Cerebrovascular complications of cancer

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By Jai Grewal MD and Harpreet K Grewal MD

Cerebrovascular disease (sinus thrombosis, cerebral infarction, or hemorrhage) is a common complication of cancer and of cancer therapy. In this clinical article, Drs. Jai Grewal and Harpreet Grewal review the clinical milieu in which these disorders develop and summarize the methods of diagnosis, including characteristic abnormalities of clinical findings, coagulation function tests, and neuroimaging. The management of these vascular disorders can be challenging in this patient population because of comorbidities associated with cancer. Some vascular disorders are unique to the cancer patient, including radiation-induced carotid artery atherosclerosis and chemotherapy-induced vasculopathy. Until recently, reports of these latter conditions were anecdotal and infrequent. In recent years, large-scale studies have provided the first index of the frequency of these complications, particularly in lymphoma and breast cancer patients.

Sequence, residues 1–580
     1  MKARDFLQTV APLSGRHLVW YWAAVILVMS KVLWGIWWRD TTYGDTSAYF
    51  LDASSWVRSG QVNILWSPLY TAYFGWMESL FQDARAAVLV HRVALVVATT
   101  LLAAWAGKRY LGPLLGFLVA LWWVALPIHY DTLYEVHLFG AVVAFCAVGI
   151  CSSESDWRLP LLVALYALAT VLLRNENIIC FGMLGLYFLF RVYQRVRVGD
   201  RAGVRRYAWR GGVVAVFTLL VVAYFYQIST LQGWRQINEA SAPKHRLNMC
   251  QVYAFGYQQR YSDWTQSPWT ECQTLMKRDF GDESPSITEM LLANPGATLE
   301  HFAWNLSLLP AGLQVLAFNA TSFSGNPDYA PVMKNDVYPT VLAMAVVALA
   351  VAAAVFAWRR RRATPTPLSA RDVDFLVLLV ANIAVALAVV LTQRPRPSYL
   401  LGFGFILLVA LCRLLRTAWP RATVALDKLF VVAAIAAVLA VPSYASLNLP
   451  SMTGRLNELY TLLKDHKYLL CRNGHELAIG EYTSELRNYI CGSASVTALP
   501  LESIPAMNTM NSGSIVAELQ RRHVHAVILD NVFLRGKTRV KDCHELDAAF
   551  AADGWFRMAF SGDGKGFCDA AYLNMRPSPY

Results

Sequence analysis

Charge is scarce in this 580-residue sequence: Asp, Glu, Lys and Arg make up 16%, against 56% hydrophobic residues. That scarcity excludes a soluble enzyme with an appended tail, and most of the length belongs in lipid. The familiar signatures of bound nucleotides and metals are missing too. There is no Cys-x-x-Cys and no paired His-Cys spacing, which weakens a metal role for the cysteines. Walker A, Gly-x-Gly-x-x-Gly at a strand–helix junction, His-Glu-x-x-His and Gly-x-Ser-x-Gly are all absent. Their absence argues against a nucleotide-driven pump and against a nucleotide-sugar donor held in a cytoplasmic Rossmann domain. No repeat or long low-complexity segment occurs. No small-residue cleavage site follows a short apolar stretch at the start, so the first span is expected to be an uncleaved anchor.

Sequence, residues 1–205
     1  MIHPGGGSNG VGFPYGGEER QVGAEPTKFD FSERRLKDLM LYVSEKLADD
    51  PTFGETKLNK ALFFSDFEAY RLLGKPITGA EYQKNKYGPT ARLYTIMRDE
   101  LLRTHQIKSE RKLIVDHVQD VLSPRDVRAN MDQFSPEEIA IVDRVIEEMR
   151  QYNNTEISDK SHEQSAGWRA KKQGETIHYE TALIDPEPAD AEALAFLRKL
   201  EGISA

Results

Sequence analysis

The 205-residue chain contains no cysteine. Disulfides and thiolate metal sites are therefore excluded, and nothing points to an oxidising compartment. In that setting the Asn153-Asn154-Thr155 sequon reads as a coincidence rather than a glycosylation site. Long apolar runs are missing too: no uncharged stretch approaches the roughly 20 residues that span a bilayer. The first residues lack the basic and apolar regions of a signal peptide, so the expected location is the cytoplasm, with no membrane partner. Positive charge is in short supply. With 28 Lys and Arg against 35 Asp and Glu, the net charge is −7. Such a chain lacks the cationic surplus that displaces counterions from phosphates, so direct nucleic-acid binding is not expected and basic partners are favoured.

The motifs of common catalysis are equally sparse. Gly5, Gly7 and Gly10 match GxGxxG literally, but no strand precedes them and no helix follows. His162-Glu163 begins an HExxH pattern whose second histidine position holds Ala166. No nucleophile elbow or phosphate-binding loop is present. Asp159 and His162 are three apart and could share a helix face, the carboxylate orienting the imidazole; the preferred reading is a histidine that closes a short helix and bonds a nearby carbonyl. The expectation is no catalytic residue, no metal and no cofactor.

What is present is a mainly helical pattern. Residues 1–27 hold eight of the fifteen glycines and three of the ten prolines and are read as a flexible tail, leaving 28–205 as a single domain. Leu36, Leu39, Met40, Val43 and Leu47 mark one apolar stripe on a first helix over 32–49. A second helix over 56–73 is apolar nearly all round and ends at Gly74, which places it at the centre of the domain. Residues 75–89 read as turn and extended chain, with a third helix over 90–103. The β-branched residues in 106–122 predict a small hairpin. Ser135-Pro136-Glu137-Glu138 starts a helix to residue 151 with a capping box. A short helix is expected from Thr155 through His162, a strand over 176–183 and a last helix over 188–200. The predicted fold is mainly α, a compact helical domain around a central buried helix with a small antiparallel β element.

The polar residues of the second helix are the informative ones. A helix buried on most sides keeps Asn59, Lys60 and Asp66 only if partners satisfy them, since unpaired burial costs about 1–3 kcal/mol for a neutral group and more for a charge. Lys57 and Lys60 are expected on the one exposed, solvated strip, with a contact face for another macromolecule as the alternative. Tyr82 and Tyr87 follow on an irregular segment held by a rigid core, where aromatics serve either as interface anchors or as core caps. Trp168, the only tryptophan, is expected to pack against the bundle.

Key points

  • Cancer is a hypercoagulable state leading to an increased risk of venous and arterial thromboembolic events.
  • Cancer therapies such as radiation and chemotherapy have a range of adverse effects upon the CNS vasculature.
  • Patients with cancer are also at risk for intracranial hemorrhage from a variety of factors including thrombocytopenia, coagulopathy, and hemorrhagic brain metastases.

In This Article

Historical note and nomenclature
Clinical manifestations
Clinical vignette
Pathogenesis and pathophysiology
Differential diagnosis
Diagnostic workup
Prognosis and complications
References cited